It is interesting to note that there were two parents who did know what to do, ie that the tooth should be replanted as quickly as possible.

'I was a first aider and a child minder so I had basic first aid.' (P3)

'I said "I need to see somebody" because I knew that, as I used to be a dental nurse myself, I knew that they had to be put back in as soon as possible.' (P1)

This knowledge prompted the mum to go back to A&E (they had previously been turned away and told to find a dentist) and actively seek emergency dental care for her child:

'We were seen by a doctor, but only because I demanded it.' (P1)

Despite this knowledge, neither parent felt able to attempt to replant the tooth: due to the child's distress, and the significant bleeding that is to be expected after an avulsion injury.

'No well, when I saw the size of it, it was complete and I just thought no. And his mouth was such a mess anyway.' (P3)

This makes it all the more remarkable that one grandmother, who had no prior knowledge of what to do, instinctively 'put the tooth back in'.

'She just thought she better push it in as she didn't…she just thought you know she'd push it in.' (P4)

It became clear during the framework analysis process that knowledge and access were intrinsically linked. Parents used their prior knowledge or knowledge they obtained shortly after the accident to proactively access the appropriate care for their child. It is difficult to interpret the levels of knowledge of A&E staff from the parents' accounts only, but parental accounts suggest that there may have been poor levels of knowledge, particularly with regard to the importance of timely treatment. Once the parents understood what had happened and that the tooth needed to be replanted as soon as possible, they used this knowledge to actively seek timely care for their child:

'About half an hour later my dad rang me. He said you better tell them it's priority because you've got the tooth in milk. So I went up to reception, mentioned it to them again and he was basically seen straight away after that.' (P6)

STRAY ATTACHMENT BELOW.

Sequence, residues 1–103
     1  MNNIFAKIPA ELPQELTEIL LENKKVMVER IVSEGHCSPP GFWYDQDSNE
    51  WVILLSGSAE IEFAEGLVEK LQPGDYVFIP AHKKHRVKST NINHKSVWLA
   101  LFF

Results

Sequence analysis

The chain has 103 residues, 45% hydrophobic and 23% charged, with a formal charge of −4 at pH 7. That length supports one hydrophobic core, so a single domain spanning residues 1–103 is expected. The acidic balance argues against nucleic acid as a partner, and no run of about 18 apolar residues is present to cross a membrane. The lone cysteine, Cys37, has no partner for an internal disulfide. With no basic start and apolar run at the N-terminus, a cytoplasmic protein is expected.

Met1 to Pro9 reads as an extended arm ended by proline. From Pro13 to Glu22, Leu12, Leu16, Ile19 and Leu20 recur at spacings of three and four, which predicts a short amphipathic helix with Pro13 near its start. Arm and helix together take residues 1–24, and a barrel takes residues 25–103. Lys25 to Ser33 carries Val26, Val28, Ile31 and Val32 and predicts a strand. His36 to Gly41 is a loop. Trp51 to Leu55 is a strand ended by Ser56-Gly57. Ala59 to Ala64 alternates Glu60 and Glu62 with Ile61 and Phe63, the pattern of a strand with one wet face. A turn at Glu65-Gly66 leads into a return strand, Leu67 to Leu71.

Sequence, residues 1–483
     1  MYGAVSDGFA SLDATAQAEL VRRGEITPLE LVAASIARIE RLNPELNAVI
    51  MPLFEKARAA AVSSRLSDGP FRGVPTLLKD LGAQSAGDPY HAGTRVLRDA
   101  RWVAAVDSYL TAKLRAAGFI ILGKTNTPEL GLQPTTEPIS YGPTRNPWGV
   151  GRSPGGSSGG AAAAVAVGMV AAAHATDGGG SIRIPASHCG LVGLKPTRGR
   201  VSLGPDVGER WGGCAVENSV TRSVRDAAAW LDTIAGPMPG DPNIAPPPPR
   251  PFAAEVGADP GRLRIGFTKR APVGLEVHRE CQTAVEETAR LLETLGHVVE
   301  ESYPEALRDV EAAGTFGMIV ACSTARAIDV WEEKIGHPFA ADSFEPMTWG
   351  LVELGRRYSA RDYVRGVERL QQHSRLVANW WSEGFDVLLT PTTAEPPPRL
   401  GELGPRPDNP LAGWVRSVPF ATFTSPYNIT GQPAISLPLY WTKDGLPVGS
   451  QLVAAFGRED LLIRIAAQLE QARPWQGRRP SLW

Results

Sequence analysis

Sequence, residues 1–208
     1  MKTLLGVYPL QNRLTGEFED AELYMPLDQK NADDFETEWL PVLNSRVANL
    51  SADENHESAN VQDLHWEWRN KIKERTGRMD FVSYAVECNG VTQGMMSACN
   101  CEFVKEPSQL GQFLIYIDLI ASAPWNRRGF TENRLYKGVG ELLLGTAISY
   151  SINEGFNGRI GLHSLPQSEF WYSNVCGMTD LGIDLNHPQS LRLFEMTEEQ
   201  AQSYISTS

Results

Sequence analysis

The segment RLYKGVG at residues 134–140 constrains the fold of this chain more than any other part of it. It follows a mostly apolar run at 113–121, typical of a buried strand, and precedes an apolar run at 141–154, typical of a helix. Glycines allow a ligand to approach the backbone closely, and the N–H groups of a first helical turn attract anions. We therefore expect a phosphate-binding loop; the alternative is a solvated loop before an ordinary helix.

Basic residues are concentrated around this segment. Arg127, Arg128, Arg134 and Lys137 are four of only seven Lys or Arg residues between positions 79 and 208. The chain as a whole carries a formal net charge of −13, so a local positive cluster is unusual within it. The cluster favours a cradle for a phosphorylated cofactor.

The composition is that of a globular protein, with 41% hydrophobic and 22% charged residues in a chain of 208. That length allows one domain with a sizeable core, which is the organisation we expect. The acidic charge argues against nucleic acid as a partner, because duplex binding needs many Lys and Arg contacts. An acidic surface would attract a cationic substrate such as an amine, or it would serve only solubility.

Access to emergency care proved difficult for all participants, and indeed one parent (P4) could not access any emergency care for her child over a weekend period. The period from the initial injury to receiving emergency care is the most critical,1 but it was during this period that the children in this sample experienced significant delays.

In three cases in this sample, the child was brought to A&E via an ambulance due to other injuries (P3, P7, P9). Other parents brought their child directly to A&E (P1, P5, P8), without attempting to first contact a dentist. At least one A&E department did not feel that they were required to provide emergency treatment for a child with an avulsed tooth.

'They said there's no dentist here, nobody who can deal with it, go back home and find a dentist.' (P1)

Two of the children had their teeth replanted by doctors in A&E (P1, P3) and were then referred to the OMFS team for splinting of the tooth and suturing, if required. In some cases, children were referred to the OMFS team from triage, and this led to some delays:

'The on-call dental person didn't come for another hour or thereabouts.' P8

A number of parents noted that A&E departments often deal with very serious medical emergencies:

'I know it's something minor compared to what they're used to…' (P1)

One parent noted that the facilities in A&E were not suitable for providing dental treatment:

'A&E did the best they could but they didn't have the facilities. We were just in one of those little A&E rooms and she was all by herself.' (P6)

This may point to a lack of awareness of the available emergency dental services, and how to contact them. However, it is also possible that when a severe injury like this occurs, the parents are not only thinking about their child's teeth and what dental treatment is required, but they are also concerned for their child's overall well-being. There is likely to be significant bleeding from the oral cavity following an avulsion injury and there may be other extra- and intra-oral injuries. So even if out-of-hours emergency dental services were readily available, it may be that some parents would still bring their child to A&E in the first instance.